Have you ever been dizzy before? Maybe you went from laying down to standing up too fast, and the room starts to spin until you can get a hold of things. Maybe you were like me, and you played football in high school; you get your bell rung a few too many times, you get up, then get your bearings before you can go back. Maybe you have vertigo, and you wake up in the middle of the night with the room spinning and spinning and spinning until it finally stops. We see dizziness and vertigo a significant amount in our office, so why do our patients who experience these symptoms get great results with our care?
The main reason being the upper cervical spine, or the top two bones in your neck, house what is called the brainstem. The brainstem is the connector between your brain and the rest of your body. It is like our relay center. Sometimes we call it Houston Control for all you space aeronauts out there. The brainstem holds 10 out of 12 cranial nerves. If you have read previous blogs of mine, you will see that these cranial nerves innervate the face, eyes, ears, and everything else up into our head, and it all comes from the top of the neck. How does this affect dizziness? First, we must talk about balance because essentially dizziness, or vertigo, is a lack of balance. Where does balance come from in our body? Balance comes from three things: our eyes, ears, and mechanoreceptors. Mechanoreceptors are little cells in the muscle that basically tell us where we are in space, while causing certain muscles to contract or relax for us to stay balanced.
All three of these things play a role, and all three of them start at the top of the neck. Let us think about a real-world scenario. You are deep sea fishing, or maybe you are just on a boat out in the ocean. When you are on the boat, you are looking out on the horizon, and everything looks flat. You see the horizon, nothing is moving. Maybe you can see some waves, but other than that, everything is still. However, we are bobbing up and down on those waves, so the eyes see the still horizon, but the ears (and fluid in the ears) are constantly up and down. In essence, eyes are still, ears are moving, and the brain does not know what to do.
Suddenly you get a little dizzy, then boom, you are seasick and wind up throwing up off the deck. The problem with this is that people with dizziness or vertigo are not even on a boat! Why is this happening? Why is it that you can get dizzy, but your eyes and your ears are still? This is where the nerve system comes in. If there is pressure on the brainstem due to a misalignment at the top of the neck, one of those nerves that are going up into the ears, or eyes, could be interfered with. Maybe it is interfering with the optic nerve, cutting off some of your visual clarity. Maybe the misalignment is cutting off the nerve input to the vestibulocochlear nerve. “Vestibulo” means balance and “cochlear” means hearing. If there is pressure on that “vestibulo” part, we are not going to be able to balance properly, and thus, we have dizziness or vertigo.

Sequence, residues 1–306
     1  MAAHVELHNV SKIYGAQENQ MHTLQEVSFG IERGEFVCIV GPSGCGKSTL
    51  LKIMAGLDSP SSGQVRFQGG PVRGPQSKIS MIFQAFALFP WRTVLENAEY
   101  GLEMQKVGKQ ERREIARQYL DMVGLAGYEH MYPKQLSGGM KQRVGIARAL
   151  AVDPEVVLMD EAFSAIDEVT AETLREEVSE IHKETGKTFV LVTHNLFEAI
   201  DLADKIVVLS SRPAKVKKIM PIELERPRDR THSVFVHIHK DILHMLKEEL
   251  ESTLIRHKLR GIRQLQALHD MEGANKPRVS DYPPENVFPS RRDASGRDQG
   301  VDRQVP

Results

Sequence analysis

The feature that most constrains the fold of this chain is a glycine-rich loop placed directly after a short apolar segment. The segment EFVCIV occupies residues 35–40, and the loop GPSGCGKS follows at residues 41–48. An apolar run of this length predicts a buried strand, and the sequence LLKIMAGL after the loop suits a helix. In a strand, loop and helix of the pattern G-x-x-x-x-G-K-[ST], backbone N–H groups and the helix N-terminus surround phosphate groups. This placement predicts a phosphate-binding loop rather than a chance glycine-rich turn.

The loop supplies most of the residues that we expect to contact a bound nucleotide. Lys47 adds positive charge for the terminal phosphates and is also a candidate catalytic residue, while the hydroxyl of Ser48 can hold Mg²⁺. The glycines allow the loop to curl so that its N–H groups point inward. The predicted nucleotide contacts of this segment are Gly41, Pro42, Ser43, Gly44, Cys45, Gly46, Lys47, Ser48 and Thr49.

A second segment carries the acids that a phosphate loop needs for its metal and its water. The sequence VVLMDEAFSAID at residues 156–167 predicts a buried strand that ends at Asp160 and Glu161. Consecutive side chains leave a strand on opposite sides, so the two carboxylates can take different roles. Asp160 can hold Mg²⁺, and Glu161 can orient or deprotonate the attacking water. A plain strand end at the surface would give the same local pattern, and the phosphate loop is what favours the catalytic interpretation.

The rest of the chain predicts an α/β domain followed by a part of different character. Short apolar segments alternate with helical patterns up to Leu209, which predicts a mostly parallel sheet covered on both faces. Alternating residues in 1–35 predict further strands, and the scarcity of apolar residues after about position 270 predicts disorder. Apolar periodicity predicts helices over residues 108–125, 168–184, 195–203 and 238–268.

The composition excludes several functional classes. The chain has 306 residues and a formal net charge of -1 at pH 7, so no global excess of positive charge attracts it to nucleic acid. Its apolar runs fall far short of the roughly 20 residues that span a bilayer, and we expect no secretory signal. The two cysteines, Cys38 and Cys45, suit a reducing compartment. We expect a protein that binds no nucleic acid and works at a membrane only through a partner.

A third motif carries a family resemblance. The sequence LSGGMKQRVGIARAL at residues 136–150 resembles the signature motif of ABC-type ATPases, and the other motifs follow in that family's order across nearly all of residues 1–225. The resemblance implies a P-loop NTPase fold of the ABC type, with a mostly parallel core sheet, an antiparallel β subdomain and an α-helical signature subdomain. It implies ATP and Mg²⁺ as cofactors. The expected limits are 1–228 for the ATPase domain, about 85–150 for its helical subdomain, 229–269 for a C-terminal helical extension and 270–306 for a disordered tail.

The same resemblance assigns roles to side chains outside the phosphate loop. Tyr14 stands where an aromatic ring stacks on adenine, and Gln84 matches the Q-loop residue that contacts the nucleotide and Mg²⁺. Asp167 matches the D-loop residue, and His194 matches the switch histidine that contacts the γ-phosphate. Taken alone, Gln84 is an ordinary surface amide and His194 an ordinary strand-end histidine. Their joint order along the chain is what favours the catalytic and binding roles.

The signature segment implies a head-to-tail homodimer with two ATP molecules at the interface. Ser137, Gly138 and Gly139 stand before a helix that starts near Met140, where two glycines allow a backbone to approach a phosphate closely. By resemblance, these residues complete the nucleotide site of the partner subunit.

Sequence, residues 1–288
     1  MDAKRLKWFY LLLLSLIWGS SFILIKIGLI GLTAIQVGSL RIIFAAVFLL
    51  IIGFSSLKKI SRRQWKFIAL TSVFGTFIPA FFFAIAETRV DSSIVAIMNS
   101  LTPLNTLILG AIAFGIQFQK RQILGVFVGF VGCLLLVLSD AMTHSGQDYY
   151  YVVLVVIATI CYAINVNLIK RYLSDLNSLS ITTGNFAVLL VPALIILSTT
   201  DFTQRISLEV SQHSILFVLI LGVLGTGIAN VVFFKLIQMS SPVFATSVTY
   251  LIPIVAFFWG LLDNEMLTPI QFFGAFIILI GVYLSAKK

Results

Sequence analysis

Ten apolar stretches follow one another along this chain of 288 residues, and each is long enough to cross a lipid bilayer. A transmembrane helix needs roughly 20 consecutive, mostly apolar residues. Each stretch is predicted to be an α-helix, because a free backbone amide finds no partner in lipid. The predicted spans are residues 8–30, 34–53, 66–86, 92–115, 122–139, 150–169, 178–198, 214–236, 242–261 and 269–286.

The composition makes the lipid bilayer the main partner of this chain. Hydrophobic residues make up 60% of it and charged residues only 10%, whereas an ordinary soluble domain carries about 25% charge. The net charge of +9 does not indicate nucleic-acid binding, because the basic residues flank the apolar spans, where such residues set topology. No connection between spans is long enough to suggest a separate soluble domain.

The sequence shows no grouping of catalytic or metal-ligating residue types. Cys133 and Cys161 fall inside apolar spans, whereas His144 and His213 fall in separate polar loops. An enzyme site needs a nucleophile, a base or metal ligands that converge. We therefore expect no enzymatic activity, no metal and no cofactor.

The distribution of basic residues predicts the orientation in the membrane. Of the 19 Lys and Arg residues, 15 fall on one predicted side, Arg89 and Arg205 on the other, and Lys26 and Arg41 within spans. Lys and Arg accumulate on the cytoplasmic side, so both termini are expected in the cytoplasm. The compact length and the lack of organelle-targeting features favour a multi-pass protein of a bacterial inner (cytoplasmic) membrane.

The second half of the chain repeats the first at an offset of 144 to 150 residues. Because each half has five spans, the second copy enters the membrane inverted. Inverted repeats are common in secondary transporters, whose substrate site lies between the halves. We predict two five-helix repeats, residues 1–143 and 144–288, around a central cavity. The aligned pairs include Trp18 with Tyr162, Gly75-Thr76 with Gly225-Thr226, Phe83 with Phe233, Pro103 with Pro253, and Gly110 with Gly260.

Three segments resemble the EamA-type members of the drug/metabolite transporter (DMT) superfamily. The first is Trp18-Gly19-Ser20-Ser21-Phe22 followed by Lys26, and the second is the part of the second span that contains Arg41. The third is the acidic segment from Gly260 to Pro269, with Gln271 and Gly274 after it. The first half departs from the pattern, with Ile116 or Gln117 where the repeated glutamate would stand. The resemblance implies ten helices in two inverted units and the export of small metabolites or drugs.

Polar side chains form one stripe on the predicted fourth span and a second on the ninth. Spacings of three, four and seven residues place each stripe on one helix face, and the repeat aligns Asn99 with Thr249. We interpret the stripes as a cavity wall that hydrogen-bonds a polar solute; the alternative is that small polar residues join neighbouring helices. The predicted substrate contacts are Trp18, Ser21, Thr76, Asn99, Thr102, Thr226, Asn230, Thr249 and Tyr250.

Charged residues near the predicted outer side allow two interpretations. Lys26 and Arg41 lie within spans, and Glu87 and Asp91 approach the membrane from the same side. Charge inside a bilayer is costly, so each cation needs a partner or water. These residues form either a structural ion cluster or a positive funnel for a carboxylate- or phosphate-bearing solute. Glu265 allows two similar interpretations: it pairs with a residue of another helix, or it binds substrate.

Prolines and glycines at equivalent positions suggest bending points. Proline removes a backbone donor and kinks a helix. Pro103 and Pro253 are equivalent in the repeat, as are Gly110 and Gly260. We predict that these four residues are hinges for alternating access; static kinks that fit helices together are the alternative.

What about mechanoreceptors? When one of the top bones in the neck misaligns, forcing certain muscles to contract and others to relax, they stay contracted for a long period of time, causing the mechanoreceptors to get damaged. There is also something called the vestibular nucleus. Remember that vestibular means balance and the vestibular nucleus just so happens to be right in the heart of the brainstem. If the messages from these mechanoreceptors to the vestibular nucleus are interfered with, it just cannot function properly. If the balance center of our body is not functioning properly, does it make sense that we may experience dizziness and vertigo?
Another thing that can happen is that when the top bone in your neck misaligns, it forces your head to come out in front of you. When this happens, it causes a lack of proper curvature of the bones in the neck, resulting in a straight neck, or even a reverse-curve. This abnormal position starts to pull on the muscles in the neck, while also stressing the arteries going up into the head. Stress on these arteries causes a lack of blood flow to the brain. Does it make sense why this can cause dizziness and vertigo?
Now you know exactly how dizziness and vertigo happen, so how do we correct it? In our office, it is simple. All we do is find the misalignment at the top of the neck and correct it. This correction takes pressure off your nerve system, allowing your body to function better. With better function comes less symptoms, which is why our patients who experience dizziness and vertigo achieve great results. If you or a loved one suffer from dizziness, vertigo, Meniere’s disease, or anything that has to do with the eyes, ears, or the mechanoreceptors in your neck, give our office a call. We are happy to do a consultation free of charge to see if it is an upper cervical issue that we can help you with.